(To view Part 1, click here and Part 2 click here.)
This is it, folks ... we are almost done and now you just need to bone up on bragging.
We last left our binding here, having carefully cut off the excess around the edge. The rest is all hand sewing.
(Some students were actually shocked to find this out, but face the facts ... if you want that traditional looking binding ... you sew it down [on the back] by hand.)
Flip the binding to the backside and secure it. I use binding clips to hold it down as I work since I am adverse to leaving my DNA on my quilt. If you choose to use pins, that is pretty much going to happen. I personally just use 2 clips and then move them in leap-frog fashion as I go. If you would like, clip the whole dang thing before you begin. The binding should cover the evidence of that 1/4" seam that you took when you sewed it down. Ideally, it should pull around snugly to just go past that seam.
The thread you choose should match the BINDING not the backing. I am very partial to using Aurifil thread for this task (see why ... here) but at any rate you want a thinner thread. Use a single strand and put a knot in the end. Thread it through in the 1/4" edge. Each time you end and then start a new thread, do it here.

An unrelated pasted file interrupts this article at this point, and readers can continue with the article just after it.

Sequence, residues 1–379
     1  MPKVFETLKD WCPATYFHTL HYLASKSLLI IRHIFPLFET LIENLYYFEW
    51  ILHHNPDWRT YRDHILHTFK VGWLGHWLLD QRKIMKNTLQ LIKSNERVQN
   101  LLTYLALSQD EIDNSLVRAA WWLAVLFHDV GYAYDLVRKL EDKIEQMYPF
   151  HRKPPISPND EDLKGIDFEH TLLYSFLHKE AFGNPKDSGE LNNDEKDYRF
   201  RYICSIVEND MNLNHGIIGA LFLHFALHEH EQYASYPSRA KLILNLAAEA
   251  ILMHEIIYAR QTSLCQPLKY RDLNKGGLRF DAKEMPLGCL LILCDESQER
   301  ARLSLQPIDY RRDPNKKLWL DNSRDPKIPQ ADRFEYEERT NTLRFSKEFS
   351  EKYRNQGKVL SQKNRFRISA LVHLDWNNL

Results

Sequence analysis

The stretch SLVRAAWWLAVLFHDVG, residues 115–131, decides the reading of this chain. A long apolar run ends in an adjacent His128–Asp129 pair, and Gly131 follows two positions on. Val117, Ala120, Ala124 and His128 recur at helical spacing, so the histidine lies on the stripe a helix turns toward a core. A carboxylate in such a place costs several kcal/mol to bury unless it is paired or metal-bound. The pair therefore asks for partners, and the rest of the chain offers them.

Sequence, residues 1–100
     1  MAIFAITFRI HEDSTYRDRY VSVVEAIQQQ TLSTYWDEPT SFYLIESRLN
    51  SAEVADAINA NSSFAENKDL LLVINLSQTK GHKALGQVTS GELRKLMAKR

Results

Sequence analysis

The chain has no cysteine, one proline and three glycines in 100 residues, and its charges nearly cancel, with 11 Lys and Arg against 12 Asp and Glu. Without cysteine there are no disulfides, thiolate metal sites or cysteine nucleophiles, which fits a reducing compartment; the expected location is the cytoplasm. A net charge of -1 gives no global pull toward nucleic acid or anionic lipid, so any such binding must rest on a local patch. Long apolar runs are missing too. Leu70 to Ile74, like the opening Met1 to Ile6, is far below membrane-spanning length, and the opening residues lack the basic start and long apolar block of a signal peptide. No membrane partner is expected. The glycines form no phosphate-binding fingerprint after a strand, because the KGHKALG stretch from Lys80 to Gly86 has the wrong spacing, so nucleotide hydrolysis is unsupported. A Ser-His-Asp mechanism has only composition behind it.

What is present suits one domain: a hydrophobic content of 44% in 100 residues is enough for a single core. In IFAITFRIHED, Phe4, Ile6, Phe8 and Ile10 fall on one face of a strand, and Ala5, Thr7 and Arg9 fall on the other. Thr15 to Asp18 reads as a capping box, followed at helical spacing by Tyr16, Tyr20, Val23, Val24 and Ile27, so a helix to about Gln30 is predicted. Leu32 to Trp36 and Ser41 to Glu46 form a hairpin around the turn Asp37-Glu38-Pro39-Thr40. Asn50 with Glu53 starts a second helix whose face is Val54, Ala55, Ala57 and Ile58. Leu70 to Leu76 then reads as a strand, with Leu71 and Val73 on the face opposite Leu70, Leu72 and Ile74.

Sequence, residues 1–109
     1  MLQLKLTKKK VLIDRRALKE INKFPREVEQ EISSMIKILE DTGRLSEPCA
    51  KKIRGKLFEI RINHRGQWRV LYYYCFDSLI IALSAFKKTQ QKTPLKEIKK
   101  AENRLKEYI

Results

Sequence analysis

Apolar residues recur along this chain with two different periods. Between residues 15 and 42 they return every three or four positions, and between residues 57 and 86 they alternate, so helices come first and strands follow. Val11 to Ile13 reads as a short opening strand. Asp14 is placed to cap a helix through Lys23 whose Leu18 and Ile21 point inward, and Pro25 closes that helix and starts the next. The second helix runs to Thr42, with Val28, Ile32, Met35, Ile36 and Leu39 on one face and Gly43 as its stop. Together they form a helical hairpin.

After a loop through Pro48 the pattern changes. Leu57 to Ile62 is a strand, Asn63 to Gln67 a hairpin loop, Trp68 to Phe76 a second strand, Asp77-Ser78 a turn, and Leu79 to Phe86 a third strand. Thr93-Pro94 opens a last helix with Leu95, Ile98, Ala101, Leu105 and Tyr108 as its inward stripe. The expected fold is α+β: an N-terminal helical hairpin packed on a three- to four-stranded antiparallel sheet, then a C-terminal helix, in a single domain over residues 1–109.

Bring the needle up on the very edge of that folded part of the binding and then go back down into the backing at that very same spot.
When you go through the backing to come up again as shown, you are putting the needle through the backing and batting but NOT through to the other side. This is a rather important "point".
(And yes ... I can see I am in need of some lotion. Sorry.)
This picture is a good example of the stitch. Go down directly to the side of where you came up and then bring it up on the edge.
This ... by the way ... is the same as the hand-applique stitch. Two, two, tutorials in one!
While keeping the binding lying perpendicular to the opposite side, bring your needle up at the corner where the binding meets that other seam.
Now, fold the other side down so that the corner ... meets the corner.
Not too far, not too close.
Goldilocks just right.
Bring your needle up to catch that corner. (The angle of this picture is a little deceiving. I am bringing the needle up right from underneath the corner and then up through it.)
See how the angle of the fold disects the corner like a mitered corner.
At this point I take a second stitch in that same spot to secure it ... then ...
Beautiful, crisp, continuous binding.
No bumps on the binding edge, no 'dog-ears' at the corners.
Try it. You'll like it.